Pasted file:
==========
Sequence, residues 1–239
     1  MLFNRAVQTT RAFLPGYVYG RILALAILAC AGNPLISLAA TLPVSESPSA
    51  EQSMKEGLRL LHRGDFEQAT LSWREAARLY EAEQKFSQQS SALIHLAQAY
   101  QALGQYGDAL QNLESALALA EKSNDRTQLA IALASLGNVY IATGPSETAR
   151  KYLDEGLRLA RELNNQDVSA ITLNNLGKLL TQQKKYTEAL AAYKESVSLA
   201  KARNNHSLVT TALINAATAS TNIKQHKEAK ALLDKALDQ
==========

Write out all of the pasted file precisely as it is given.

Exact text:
Sequence, residues 1–239
     1  MLFNRAVQTT RAFLPGYVYG RILALAILAC AGNPLISLAA TLPVSESPSA
    51  EQSMKEGLRL LHRGDFEQAT LSWREAARLY EAEQKFSQQS SALIHLAQAY
   101  QALGQYGDAL QNLESALALA EKSNDRTQLA IALASLGNVY IATGPSETAR
   151  KYLDEGLRLA RELNNQDVSA ITLNNLGKLL TQQKKYTEAL AAYKESVSLA
   201  KARNNHSLVT TALINAATAS TNIKQHKEAK ALLDKALDQ